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Facebook Draws Global Criticism Of Its Action To 'Bully' Australia

Facebook Draws Global Criticism Of Its Action To 'Bully' Australia
According to analysts, the prospect of a much wider showdown between the world's biggest social media platform Facebook and the governments and news organizations fighting to check the dominating power of the tech giant increased after the move by the company to block users in Australia from sharing news – a move that has been rebuked by lawmakers around the world.
Facebook's actions have been slammed by elected officials and media publishers in the United Kingdom, Canada, Germany and the United States. The company’s decision was described by many as being anti-competitive as critics reiterated the importance of a regulatory crackdown on the company and other tech giants with dominant market power.
"It is one of the most idiotic but also deeply disturbing corporate moves of our lifetimes," Julian Knight, the lawmaker who chairs the Digital, Culture, Media and Sport Committee in Britain's parliament, told broadcaster Sky News.
In order to ensure that "trusted news sources" are prompted by platforms such as Facebook, a pending legislation aimed at regulating social media companies by the UK lawmakers, Knight said in a statement to CNN.
"This action — this bully boy action — that [Facebook has] undertaken in Australia will I think ignite a desire to go further amongst legislators around the world," he added during an interview with Reuters.
That sentiment was further echoed by David Cicilline, a Democratic congressman from Rhode Island who chairs the House Antitrust Subcommittee. He said that "if it is not already clear," Facebook's actions in Australia demonstrate that the company "is not compatible with democracy."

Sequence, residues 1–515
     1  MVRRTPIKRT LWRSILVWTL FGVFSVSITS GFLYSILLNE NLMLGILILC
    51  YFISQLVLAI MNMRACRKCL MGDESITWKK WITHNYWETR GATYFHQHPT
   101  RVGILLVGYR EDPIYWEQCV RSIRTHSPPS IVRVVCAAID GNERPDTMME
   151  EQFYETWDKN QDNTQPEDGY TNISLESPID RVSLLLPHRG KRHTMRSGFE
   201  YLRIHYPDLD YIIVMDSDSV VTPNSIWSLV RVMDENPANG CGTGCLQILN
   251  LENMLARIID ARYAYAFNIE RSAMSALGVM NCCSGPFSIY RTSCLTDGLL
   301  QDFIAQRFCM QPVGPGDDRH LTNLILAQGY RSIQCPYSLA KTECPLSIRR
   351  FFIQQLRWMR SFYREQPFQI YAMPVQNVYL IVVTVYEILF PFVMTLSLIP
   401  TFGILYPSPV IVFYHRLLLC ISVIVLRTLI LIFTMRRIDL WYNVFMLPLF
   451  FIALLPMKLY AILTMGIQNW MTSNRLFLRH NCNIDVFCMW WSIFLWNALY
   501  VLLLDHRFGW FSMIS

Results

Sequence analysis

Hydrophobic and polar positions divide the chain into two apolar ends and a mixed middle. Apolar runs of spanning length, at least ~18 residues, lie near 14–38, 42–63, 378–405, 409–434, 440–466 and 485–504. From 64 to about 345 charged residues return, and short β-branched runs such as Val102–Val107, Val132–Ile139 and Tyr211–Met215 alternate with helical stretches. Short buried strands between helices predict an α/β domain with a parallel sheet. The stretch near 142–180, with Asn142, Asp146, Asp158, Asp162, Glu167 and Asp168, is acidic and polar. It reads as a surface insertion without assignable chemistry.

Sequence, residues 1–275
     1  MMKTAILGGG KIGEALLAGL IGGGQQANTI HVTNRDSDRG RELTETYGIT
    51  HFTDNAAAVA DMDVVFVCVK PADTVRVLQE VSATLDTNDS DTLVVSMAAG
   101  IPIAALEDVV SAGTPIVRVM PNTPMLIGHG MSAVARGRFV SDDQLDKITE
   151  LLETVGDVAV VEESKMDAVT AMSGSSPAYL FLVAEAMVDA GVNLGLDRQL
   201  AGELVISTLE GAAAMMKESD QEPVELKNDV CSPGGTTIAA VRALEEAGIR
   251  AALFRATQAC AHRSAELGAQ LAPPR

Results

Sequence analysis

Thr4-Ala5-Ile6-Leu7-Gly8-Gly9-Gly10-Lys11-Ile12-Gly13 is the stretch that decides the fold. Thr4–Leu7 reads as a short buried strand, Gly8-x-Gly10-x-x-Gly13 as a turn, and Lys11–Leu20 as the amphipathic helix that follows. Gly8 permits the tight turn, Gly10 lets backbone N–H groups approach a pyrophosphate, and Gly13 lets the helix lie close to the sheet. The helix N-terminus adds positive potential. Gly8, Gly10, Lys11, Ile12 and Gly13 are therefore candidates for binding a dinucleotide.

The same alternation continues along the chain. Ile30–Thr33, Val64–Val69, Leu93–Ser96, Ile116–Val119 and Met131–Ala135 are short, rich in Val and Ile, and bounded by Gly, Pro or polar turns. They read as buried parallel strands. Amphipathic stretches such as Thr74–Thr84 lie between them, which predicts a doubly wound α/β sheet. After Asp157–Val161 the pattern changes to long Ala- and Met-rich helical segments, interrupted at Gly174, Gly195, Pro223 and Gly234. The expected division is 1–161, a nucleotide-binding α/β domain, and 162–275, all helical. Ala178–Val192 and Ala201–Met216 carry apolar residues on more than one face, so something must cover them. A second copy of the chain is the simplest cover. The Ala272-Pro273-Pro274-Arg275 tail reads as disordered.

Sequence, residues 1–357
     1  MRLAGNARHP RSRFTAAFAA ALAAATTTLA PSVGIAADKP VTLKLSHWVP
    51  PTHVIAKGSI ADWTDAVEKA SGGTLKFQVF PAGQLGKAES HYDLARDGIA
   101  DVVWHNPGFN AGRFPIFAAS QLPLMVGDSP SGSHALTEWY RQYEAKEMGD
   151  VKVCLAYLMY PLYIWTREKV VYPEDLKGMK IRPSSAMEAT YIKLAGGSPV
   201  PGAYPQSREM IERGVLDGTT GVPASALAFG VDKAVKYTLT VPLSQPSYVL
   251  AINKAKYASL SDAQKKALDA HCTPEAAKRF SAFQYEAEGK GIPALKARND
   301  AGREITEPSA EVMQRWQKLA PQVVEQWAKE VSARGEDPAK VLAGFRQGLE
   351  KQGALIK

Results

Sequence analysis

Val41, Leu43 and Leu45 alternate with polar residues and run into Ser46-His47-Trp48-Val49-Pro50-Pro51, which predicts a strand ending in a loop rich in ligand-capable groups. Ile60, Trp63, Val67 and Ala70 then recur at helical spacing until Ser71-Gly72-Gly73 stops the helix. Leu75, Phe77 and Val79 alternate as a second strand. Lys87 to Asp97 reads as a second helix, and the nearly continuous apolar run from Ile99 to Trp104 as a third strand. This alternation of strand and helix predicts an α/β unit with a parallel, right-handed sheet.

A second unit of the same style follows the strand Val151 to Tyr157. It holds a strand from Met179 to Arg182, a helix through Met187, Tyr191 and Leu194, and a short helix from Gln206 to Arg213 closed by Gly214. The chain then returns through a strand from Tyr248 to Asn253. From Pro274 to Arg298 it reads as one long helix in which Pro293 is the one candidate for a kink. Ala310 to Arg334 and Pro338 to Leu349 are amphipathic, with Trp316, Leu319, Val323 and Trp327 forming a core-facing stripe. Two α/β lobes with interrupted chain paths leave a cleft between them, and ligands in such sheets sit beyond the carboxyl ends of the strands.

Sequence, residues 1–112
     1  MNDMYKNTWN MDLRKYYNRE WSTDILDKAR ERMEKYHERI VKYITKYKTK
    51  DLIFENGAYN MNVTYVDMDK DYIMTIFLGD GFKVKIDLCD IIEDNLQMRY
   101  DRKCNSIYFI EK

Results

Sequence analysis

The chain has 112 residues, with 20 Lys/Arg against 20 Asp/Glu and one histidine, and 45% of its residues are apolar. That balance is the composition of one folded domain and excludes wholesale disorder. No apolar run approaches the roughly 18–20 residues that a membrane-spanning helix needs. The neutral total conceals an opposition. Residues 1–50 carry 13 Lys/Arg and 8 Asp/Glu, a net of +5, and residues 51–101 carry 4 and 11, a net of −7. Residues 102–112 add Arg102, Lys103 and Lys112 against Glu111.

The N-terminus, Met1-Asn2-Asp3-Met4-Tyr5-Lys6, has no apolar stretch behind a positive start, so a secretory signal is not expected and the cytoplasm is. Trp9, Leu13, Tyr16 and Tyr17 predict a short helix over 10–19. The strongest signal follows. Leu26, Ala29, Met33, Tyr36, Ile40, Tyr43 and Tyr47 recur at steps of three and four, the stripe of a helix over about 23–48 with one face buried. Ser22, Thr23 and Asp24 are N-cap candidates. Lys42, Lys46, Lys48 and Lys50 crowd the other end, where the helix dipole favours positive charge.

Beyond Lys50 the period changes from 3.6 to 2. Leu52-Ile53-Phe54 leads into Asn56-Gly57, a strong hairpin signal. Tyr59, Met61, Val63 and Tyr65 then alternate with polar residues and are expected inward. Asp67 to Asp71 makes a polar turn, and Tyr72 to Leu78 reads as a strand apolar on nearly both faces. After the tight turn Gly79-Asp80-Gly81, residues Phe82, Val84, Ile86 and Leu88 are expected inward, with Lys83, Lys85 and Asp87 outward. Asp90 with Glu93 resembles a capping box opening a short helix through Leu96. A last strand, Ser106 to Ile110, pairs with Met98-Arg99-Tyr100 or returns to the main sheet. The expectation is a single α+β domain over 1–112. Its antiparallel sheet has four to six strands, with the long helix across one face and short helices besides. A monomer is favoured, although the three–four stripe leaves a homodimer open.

"Threatening to bring an entire country to its knees to agree to Facebook's terms is the ultimate admission of monopoly power," he said in a post on Twitter.
"Facebook's actions are highly irresponsible and have jeopardized the safety of the Australian people", said Canadian heritage minister Steven Guilbeault on Twitter. "We will continue to move forward to put in place fair legislation between news media and web giants," he added.
Publishers were also very critical of the actions of the social media platform which along with Alphabet’s Google, dominates the global digital advertising business. Governments were urged to reign in Facebook's influence by the Federation of German Newspaper Publishers (BDZV).
"It is high time that governments around the world limit the market power of gatekeeper platforms," said Dietmar Wolff, general manager of BDZV. "The fact that a platform simply shuts down pages at will in order to build up political pressure shows where the problem with the American network monopoly lies on the internet," said Wolff.
Last Wednesday, Facebook decided to prevent all Australians from finding or sharing news from local and international outlets on its platform in response to a proposed new law in Australia that will force tech companies to pay news publishers for using their content on their digital platforms. 
It has been years that publishers have been fighting with Facebook and Google over how the former’s content should be displayed on the later’s platforms.   

Christopher J. Mitchell

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